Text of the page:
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In JoVE (1)
Other Publications (6)
Articles by Jasneet Bhullar in JoVE
Creation of Reversible Cholestatic Rat Model
Gokulakkrishna Subhas, Jasneet Bhullar*, Vijay K. Mittal*, Michael J. Jacobs*
Department of General Surgery, Providence Hospital and Medical Centers
Cholestasis is a clinical condition commonly encountered by both surgeons and gastroenterologists. Creation of a reversible cholestatic rat model can be challenging in view of the smaller size and unique hepatopancreatobiliary anatomy in rats. This video article demonstrates the creation of a reversible cholestatic model.
Other articles by Jasneet Bhullar on PubMed
Topical Gentamicin Does Not Provide Any Additional Anastomotic Strength when Combined with Fibrin Glue
American Journal of Surgery. Mar, 2011 | Pubmed ID: 21367375
We evaluated the effect of a combination of fibrin sealant and topical gentamicin on a colonic anastomosis in a rat model.
Urology. Nov, 2011 | Pubmed ID: 21439613
Tubulocystic carcinoma of the kidney is a recently reported rare entity, with very few reports in the literature. It has always been described as a low-grade malignancy with favorable prognosis. We report the case of 33-year-old man who presented with back pain. Investigations revealed multiple bony metastases and a large, solid, cystic left renal tumor. Decompression of the spine followed by left radical nephrectomy was done. Final pathologic diagnosis was tubulocystic carcinoma of the kidney with sarcomatoid features. Unfortunately, he presented after 2 months with intestinal obstruction, and an exploratory laparotomy revealed multiple peritoneal metastases with ascites.
Journal of the American College of Surgeons. Jul, 2011 | Pubmed ID: 21458302
Orthotopic mouse models of human colorectal cancer represent an important in vivo tool for testing chemotherapeutic agents and studying intraluminal factors that may alter the growth of cancers. Currently the orthotopic mouse models of colorectal cancer require either an operative procedure or creation of colitis to implant the cancer cells in rectum. We have developed a nonoperative, minimally invasive technique to create a true orthotopic colon cancer mouse model.
Response To: Topical Gentamicin Does Not Provide Any Additional Anastomotic Strength when Combined with Fibrin Glue
American Journal of Surgery. Sep, 2011 | Pubmed ID: 21890101
The American Surgeon. Aug, 2011 | Pubmed ID: 21944510
For the experienced surgeon, the average operative time for a laparoscopic cholecystectomy is less than 1 hour. There has been no study documenting the causes and results of prolonged (longer than 3 hours) surgery. A retrospective study was done of patients who underwent cholecystectomy between January 2003 and December 2007. A total of 3126 cholecystectomies were done. After excluding patients who had a planned open cholecystectomy and patients who had additional laparoscopic surgeries, we identified 70 patients who had a planned laparoscopic cholecystectomy with operative time exceeding 3 hours. Multivariate stepwise logistic regression was performed analyzing the various factors leading to prolonged surgery. Of the 70 patients, ranging in age from 21 to 92 years (mean, 57 years), most (n = 53) were female. Operative time ranged from 3 hours to 6 hours 40 minutes (mean, 3 hours 37 minutes). Emergency:elective admission ratio was 9:5 and acute cholecystitis (n = 40) was the most common indication. Common characteristics were obesity (n = 44, P = 0.031), intra-abdominal adhesions (n = 43, P = 0.004), and previous abdominal surgeries (n = 40, P = 0.002). Intraoperative complications included spillage of stones (n = 6), bile duct injury (n = 3), and bleeding (n = 3). The possibility of prolonged laparoscopic cholecystectomy should be anticipated in patients with obesity and previous abdominal operations. Prolonged surgery increases the risk of complications (bile duct injury, bleeding) and prolongs the postoperative hospital stay.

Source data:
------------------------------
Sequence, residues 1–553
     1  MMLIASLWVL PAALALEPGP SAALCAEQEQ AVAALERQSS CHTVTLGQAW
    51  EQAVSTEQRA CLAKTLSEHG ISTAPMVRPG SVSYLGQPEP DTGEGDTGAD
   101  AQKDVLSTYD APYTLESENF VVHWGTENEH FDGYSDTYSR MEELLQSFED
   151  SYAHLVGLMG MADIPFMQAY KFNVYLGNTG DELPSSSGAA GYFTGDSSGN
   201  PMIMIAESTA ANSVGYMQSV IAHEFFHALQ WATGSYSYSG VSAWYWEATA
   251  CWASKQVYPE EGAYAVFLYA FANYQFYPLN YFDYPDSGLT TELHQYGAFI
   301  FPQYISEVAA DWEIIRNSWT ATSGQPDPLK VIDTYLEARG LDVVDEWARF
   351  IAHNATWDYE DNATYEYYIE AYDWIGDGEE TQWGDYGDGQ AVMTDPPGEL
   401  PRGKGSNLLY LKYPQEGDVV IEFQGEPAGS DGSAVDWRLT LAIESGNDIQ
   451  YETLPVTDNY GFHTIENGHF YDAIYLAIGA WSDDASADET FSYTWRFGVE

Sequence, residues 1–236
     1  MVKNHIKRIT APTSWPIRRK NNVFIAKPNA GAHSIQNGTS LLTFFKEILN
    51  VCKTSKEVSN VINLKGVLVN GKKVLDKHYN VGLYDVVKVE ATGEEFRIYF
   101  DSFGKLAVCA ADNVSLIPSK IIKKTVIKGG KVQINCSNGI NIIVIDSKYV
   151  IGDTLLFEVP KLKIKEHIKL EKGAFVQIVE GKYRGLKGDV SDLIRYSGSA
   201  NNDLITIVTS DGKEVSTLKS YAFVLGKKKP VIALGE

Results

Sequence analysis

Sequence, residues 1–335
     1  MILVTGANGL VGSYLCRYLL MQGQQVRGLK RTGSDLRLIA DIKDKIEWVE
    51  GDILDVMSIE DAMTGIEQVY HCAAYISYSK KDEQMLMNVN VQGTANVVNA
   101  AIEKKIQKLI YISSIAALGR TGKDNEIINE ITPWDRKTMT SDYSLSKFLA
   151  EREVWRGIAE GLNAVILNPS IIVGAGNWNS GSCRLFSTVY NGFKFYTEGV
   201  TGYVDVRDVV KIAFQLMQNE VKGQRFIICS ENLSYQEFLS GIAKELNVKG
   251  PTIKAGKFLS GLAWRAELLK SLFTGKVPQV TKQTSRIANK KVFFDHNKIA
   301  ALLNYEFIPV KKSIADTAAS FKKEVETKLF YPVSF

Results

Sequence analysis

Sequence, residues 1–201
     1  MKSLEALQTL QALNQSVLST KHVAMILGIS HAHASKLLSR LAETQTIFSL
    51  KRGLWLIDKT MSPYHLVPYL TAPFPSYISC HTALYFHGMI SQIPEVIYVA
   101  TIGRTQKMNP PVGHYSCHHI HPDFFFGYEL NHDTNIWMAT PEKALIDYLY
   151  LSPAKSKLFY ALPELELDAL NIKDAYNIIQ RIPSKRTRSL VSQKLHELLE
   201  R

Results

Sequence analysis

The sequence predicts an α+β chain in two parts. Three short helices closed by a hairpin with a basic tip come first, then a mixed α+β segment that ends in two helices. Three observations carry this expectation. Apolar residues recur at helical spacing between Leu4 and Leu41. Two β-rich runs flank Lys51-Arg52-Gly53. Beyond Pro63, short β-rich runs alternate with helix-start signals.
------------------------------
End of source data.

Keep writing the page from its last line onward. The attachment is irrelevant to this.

American Journal of Surgery. Dec, 2011 | Pubmed ID: 22206855
INTRODUCTION: Patients with primary breast cancer (PBC) are at 2 to 6 times higher risk for developing synchronous and metachronous breast cancer (MBC). The pathology and behavior of MBC still remains unclear. METHODS: We reviewed the charts of 108 women with MBC at our hospital over the past 10 years. Profile patterns of the estrogen receptor (ER), the progesterone receptor (PR), and Her2/neu receptors were explored. RESULTS: Of 33 patients with ER(+)/PR(+) in the primary tumor, 23 (70%) retained the status in MBC. Forty-five (92%) of 49 patients with ER(-)/PR(-) in the primary tumor remained the same in MBC. Most Her2(-) tumors (22/31, 71%) remained negative, but 50% (8/16) of Her2(+) tumors became negative. CONCLUSIONS: Most MBC retained the ER/PR expression patterns irrespective of the treatment for the primary tumor, thus suggesting a common origin. Because MBCs tend to be triple negative and thus more aggressive, early detection and close surveillance techniques must be devised.